This is evidence that just because a source was written down it doesn’t mean that later authors cannot take that source and use its material in different contexts and therefore in different ways.5 This is also true of Matthew’s and Luke’s utilization of Markan material. In Mark’s Gospel, the anointing of Jesus at Bethany takes place just prior to Passover, during Passion Week (Mark 14:1-9). Matthew’s Gospel follows suit (Matthew 26:3-13). But Luke places the event long before Passion Week (Luke 7:36-50). In Mark’s Gospel, the story of Jesus stilling the storm (Mark 4:35-41) takes place after the healing of the paralyzed man (Mark 2:1-12) and the calling of Levi (Mark 2:13-17). Luke follows suit (Luke 8:22-25). But in Matthew, the stilling of the storm (Matthew 8:23-27) takes place before the healing of the paralytic man (Matthew 9:2-8) and the calling of Levi (i.e. Matthew; Matthew 9:9-13).

If Matthew and Luke rearranged both material from Q and from Mark then it means that the story did change. And what this says is that the Gospel authors were not interested in writing eyewitness accounts but rather they were painting portraits of Jesus relevant to the needs of their Christian communities. And if this happened with concrete written  sources, then it must have happened with oral tradition. But this is unsurprising as it wasn’t the accuracy of the words that was important so much as the message those words conveyed and their usefulness for particular contexts. Quite often they used those words in ways entirely separate from their original context. Eric Eve writes,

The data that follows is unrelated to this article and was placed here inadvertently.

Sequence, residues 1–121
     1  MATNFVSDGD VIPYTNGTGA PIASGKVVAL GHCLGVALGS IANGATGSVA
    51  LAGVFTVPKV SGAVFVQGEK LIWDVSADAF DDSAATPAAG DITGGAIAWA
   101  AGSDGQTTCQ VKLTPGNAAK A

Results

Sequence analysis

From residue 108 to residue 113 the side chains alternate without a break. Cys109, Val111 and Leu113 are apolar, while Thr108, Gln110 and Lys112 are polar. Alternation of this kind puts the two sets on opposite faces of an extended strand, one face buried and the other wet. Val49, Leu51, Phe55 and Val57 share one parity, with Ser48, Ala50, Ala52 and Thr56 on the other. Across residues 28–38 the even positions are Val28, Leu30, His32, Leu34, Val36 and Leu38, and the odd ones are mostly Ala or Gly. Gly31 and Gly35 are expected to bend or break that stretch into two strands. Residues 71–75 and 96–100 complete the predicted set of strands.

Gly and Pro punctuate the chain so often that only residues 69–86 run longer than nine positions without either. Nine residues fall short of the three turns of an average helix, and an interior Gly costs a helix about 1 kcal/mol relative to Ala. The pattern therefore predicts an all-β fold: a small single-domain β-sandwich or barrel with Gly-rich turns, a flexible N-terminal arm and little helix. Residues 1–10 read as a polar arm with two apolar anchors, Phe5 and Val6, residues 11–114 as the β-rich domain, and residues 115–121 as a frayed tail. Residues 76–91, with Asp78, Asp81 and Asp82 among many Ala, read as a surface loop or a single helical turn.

A further potential complication is that the relative stability of the Jesus tradition observable in the surviving sources may have been preceded by a period of rapid change as Jesus’ first followers tried to make sense of what they or their informants had experienced (as may be illustrated, say, by the proposal that a Passion narrative was created early on in response to the need to make sense of Jesus’ death). The need to make sense of other aspects of Jesus’ life and ministry, such as the overall significance of his person, his most notable deeds and his teaching, may also have shaped (and probably did shape) the way Jesus was remembered from the start, for example, by keying the stories about him to salient aspects of Israelite tradition that were already well known, such as tales about Moses, Elijah, Elisha and David. Such interpretive shaping of the memories of Jesus was probably well underway prior to the earliest appearance of Jesus traditions in any surviving writings, and thus cannot be traced. The move from the original Galilean setting of Jesus’ first followers to the urban setting of Jerusalem and other cities of the empire will have given further impetus to reshaping the primitive Jesus traditions to meet the needs of a new context. Thus the relative stability of the tradition as it appears in its written remains cannot automatically be taken as an index of its historical reliability.6

Similarly, EP Sanders writes,

In trying to convince others, [early Christians] sometimes told stories of things that Jesus had said and done. In the early years this material was probably not written, but was simply passed on orally. When the disciples used incidents from Jesus’ life, they wanted to illustrate points, points that were important at the time….Besides winning new adherents, the disciples also instructed one another and their growing converts by recalling incidents from Jesus’ life. Sometimes they debated with Jewish teachers who rejected Jesus; these disputes provided a third context in which material from and about Jesus was employed.

Positively, these ways of using material from Jesus’ lifetime preserved it. It was preserved, however, in a form that was valuable to Jesus’ followers in their various activities. Thus, negatively, Jesus’ words and deeds were pulled out of their original context (in his own career) and thrust into another context, the disciples’ preaching and teaching.7